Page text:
Gives Bose a run for its money with the Sony MDR-1000X

Bose Sony makes no bones about going after . In fact, when the company first showed off its product in the lead up to IFA this summer, It’s...

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Bose Sony makes no bones about going after . In fact, when the company first showed off its product in the lead up to IFA this summer, It’s a bit like getting the old board together and deciding you’re going to make a better soft drink than Coca-Cola.it said as much, acknowledging that the QuietComfort line is largely considered the gold standard for noise-cancelling travel headphones. Sony’s got a Of course  lot to work with as one of the few mainstream electronics companies that’s actively pushing hi-res audio. especially when paired with solid noise cancellation and a handful of innovative features that the king of the travel headphone mountain has yet to incorporate.It’s a solid foundation for a great-sounding pair of headphones,

Sony brings a lot to the table here   enough to make even longtime QuietComfort devotees take a good, long look at the competition. At $399, the MDR-1000X are priced $50 above QuietComfort 35, which is a bit of a stumbling point for a product looking to unseat a longtime favorite in the spaceThey’re not flashy like a pair of Beats. They’re designed to go unnoticed on a plane or daily commuteLike Bose’s headphones, . . Sony’s got two color options  beige and black. They sent the latter for review, and really it’s the better looking of the pair. the MDR-1000X aren’t designed to stand out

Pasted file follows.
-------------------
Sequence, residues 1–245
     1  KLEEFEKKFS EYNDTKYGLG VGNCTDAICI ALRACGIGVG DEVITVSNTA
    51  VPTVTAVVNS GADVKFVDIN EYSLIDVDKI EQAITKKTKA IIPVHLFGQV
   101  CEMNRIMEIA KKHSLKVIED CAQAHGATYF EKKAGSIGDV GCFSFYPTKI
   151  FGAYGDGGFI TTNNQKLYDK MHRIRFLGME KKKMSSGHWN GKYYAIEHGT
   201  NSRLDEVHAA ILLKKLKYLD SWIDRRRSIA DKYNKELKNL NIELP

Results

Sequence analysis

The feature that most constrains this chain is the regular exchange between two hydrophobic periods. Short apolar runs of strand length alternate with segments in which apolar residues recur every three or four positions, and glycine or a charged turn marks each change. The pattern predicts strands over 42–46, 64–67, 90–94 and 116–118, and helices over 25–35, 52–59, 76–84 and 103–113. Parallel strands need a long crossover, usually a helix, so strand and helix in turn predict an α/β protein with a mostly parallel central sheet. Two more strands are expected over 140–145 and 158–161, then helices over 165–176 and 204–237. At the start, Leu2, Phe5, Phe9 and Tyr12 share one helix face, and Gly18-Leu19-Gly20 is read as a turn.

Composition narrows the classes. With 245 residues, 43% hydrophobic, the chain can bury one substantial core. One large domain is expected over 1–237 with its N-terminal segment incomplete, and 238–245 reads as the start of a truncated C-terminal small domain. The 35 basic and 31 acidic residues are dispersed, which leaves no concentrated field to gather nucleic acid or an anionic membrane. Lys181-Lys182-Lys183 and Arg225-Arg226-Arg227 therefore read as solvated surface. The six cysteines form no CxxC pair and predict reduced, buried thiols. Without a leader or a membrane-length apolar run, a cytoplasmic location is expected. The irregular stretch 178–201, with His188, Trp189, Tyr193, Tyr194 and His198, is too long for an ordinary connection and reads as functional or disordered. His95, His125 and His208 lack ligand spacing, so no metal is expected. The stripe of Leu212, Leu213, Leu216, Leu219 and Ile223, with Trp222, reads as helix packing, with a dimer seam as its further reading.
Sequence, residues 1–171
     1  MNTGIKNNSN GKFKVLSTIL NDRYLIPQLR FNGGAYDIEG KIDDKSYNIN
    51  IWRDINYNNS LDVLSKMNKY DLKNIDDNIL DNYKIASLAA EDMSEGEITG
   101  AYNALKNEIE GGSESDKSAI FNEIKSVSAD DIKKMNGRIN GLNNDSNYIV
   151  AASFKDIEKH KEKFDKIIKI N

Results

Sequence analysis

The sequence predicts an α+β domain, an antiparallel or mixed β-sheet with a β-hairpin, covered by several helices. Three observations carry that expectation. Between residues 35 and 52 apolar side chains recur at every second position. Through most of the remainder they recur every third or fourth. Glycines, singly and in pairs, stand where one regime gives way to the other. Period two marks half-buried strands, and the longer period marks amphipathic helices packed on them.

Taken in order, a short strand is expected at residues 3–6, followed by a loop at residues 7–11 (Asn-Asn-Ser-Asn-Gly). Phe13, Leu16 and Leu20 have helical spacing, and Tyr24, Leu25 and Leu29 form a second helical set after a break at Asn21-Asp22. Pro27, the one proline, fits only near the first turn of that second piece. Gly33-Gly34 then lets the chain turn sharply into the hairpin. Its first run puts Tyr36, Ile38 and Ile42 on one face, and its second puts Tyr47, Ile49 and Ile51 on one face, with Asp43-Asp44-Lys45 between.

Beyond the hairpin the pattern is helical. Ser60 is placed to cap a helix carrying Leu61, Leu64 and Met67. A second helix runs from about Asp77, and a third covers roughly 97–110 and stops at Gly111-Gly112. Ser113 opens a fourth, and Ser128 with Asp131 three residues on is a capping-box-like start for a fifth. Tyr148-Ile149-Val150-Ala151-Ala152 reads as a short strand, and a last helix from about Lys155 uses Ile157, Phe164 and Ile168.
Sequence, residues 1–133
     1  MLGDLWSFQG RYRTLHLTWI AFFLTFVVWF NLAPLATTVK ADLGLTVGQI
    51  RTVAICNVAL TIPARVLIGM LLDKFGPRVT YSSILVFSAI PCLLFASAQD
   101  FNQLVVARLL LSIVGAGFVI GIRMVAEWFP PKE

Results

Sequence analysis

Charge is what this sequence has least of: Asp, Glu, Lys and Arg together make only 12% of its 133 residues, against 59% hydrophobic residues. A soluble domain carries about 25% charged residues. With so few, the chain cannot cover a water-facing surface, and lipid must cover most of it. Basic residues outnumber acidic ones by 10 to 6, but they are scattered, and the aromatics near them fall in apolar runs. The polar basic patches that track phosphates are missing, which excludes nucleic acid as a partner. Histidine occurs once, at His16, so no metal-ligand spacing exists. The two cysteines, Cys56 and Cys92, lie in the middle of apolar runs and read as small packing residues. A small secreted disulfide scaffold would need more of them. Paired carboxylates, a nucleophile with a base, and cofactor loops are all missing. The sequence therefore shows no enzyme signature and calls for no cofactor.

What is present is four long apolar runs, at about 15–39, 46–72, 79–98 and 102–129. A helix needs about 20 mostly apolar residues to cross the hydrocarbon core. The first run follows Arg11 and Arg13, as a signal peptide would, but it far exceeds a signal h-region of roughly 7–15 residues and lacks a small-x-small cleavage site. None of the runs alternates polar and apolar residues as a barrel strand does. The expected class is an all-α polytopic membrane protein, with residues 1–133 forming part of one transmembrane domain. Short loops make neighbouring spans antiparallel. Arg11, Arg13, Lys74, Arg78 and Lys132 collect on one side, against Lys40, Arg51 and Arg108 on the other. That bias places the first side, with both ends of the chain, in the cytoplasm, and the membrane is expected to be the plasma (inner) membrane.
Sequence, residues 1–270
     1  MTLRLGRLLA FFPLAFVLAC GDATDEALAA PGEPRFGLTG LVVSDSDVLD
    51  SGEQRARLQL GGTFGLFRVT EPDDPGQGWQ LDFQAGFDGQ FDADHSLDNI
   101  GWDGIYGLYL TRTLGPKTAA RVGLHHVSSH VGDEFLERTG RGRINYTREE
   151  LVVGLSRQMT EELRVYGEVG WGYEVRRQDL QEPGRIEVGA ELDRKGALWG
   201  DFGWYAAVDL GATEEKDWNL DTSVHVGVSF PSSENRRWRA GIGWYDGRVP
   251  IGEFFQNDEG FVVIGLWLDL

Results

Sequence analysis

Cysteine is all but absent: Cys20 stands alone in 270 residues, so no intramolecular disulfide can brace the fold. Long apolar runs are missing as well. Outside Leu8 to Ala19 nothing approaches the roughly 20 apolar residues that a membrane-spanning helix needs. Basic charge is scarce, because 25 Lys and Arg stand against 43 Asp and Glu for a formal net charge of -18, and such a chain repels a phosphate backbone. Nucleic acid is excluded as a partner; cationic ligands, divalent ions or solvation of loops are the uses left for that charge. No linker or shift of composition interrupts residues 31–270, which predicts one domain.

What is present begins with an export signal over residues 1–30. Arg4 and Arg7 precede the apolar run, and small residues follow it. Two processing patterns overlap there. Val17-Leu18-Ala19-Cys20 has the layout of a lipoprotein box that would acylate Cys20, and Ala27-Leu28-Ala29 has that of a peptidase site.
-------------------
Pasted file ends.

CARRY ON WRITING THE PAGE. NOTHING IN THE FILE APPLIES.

The cups themselves don’t sport any buttons or branding, making for a slightly more minimalist aesthetic.  The outer cups are covered in soft leather, versus Bose’s hard plastic, forming a slightly more angular design. which don’t scale down enough to fit smaller heads.They swivel freely and the band adjusts quiet a bit, so they’ll do a good job fitting a variety of different head sizes — an issue with the new QuietComforts,I get why Sony wanted to move them away from the outer cup, but the thin design and slightly awkward placement makes hitting the right button a bit tough when you’re first getting used to the headphones should the battery conk out — though in doing so, you’ll lose access to some of the MDR’s better features,.Just to the left of the buttons is the auxiliary input for hard wiring the headphones.Bose could prove tough when it comes to convincing consumers to switch overThe $50 premium over  . But Sony’s first real shot at the QuietComfort 35 makes a pretty compelling case. . It might not be enough to knock Bose from its perch, but it should put the company on notice.They also bring some interesting features like ambient awareness to the tap

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